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GOP Bill That Would Allow Teachers To Carry Concealed Weapons Rejected In Colorado

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A firearm instructor holds a handgun up as he teaches a concealed-weapons training class to teachers.
A firearm instructor holds a handgun up as he teaches a concealed-weapons training class to teachers.

Colorado teachers will not be carrying concealed weapons at schools any time soon.

In Senate committee on Monday, Colorado Democrats rejected a Republican bill that would allow teachers to carry concealed weapons on school grounds. The Denver Post reports that Republicans made the argument that children would be safer in school if teachers could carry firearms and that another massacre like Sandy Hook could possibly be avoided, but state Democrats, who control the legislature, dismissed the notion and killed the bill. The bill falled on a 2-3 party line vote.

The vote on SB-9 came on the same day as more than 100 gun control supporters rallied in front of the state Capitol, including some politicians and Aurora shooting victims' family members like Dave Hoover, uncle of Aurora victim A.J. Boik, who called for tighter gun regulation. "I don't think it's difficult to ask that we have universal background checks, that we take these weapons of war off the streets," Hoover said at the rally, 9News reports.

Under current Colorado law, concealed weapons are prohibited at schools, but SB-9 would have changed that allowing school boards to give permission to teachers and other school employees to carry concealed weapons and require firearm training.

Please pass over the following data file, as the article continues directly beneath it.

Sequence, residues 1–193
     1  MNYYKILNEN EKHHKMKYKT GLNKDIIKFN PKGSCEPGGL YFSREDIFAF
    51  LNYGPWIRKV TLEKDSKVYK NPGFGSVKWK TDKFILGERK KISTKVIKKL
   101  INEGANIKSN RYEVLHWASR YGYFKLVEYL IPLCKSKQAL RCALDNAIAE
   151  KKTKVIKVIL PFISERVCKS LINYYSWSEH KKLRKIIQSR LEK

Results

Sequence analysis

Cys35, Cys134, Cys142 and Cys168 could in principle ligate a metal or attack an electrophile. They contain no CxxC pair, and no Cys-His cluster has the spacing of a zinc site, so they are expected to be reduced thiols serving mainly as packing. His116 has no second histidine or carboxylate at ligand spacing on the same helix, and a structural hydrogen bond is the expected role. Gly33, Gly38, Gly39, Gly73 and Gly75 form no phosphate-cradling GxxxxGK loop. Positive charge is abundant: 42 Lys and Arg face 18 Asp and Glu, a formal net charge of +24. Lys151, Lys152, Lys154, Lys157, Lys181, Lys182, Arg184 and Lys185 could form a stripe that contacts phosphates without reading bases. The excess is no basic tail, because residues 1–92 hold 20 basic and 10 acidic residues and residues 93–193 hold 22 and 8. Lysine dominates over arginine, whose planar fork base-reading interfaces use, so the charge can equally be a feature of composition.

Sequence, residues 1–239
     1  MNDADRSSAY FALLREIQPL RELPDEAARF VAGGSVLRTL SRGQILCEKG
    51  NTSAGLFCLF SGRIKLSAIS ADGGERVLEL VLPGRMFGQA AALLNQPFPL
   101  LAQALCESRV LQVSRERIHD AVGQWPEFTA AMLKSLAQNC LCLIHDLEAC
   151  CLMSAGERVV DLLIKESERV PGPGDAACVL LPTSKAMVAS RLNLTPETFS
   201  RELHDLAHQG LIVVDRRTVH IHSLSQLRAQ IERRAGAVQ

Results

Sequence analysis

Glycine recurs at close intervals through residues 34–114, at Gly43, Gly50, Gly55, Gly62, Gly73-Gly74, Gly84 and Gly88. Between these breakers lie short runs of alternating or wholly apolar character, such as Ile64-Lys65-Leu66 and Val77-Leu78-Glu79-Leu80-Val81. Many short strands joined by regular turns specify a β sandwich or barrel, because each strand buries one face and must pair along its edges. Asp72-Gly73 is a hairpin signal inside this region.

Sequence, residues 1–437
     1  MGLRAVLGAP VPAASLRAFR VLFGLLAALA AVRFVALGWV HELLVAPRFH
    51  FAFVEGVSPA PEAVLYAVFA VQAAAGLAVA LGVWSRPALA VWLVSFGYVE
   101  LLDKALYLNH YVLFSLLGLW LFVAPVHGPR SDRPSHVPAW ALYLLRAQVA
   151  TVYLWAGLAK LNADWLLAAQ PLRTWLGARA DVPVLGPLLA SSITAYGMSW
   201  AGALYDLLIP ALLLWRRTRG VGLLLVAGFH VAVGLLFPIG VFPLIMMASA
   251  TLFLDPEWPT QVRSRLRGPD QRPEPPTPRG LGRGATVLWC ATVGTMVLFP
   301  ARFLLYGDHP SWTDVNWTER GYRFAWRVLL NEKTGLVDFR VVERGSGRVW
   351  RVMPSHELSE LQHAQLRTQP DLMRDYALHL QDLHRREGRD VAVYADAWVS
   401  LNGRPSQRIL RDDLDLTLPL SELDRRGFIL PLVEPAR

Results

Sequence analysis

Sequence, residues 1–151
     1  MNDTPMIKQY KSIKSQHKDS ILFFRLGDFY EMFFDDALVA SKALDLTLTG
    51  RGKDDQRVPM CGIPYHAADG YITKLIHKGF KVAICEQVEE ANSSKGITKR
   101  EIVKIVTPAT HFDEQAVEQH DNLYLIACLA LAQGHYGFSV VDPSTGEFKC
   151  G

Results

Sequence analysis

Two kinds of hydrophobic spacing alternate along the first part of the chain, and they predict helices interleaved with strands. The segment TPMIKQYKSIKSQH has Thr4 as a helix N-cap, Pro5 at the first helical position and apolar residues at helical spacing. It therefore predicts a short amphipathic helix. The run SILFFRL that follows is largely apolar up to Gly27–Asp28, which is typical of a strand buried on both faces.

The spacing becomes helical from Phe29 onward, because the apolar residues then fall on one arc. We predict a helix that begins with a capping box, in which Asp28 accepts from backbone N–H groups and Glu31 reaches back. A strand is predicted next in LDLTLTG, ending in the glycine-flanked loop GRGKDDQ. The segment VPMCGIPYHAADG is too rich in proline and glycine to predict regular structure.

Despite the bill's failure, on Monday night, around 300 teachers and school employees attended a special class tailored just for them by Rocky Mountain Gun Owners, Fox31 reports. “The only thing that’s going to stop a homicidal person that comes into a school or a building with the intent to kill people, is a good person with a gun,” Eric Jones, teacher of several of these kinds of RMGO classes, said to Fox31.

The newly heated debate about gun control illustrates the very different ideas that state Democrats and Republicans have on how to keep Colorado citizens safe. From concealed carry for teachers to another bill that state Republicans plan to introduce that would require armed security in businesses that don't allow concealed carry weapons -- which will likely face a similar fate to SB-9 -- clearly, for Republicans, more guns is the answer to better safety.

Colorado Democrats see a path to safety stemming from tighter regulation and stricter gun control laws. Congresswoman Diana DeGette and Aurora Rep. Rhonda Fields, both Democrats, have separate bills proposing tighter gun laws in the state. DeGette is sponsoring a bill that would ban the production of high-capacity magazines that are capable of holding more than ten bullets.

Fields, whose son was murdered by a gunman in 2005, intends to support that high-capacity magazine ban as well as introduce legislation that would require universal background checks for all gun sales, including private sale. In Colorado, only gun stores and gun shows are required to perform a background check on gun purchases.

Democratic Gov. John Hickenlopper has come out strong in favor of stricter gun laws and has said "the time is right" for state lawmakers to consider gun control measures. "When you look at what happened in Aurora, a great deal of that damage was from the large magazine on the AR-15 (rifle)," Hickenlooper said to The Associated Press in an exclusive interview in December. "I think we need to have that discussion and say, 'Where is this appropriate?'"

Then during his State of the State address in January, Hickenlooper asked, "Why not have universal background checks for all gun sales?"

"After Columbine, Colorado voters insisted that gun show sales be regulated, and launched an aggressive effort to prevent school bullying," Hickenlooper said. "We have shown in Colorado that we can learn from tragedy and make changes. Surely, Second Amendment advocates and gun control supporters can find common ground in support of this proposition: Let’s examine our laws and make the changes needed to keep guns out of the hands of dangerous people."

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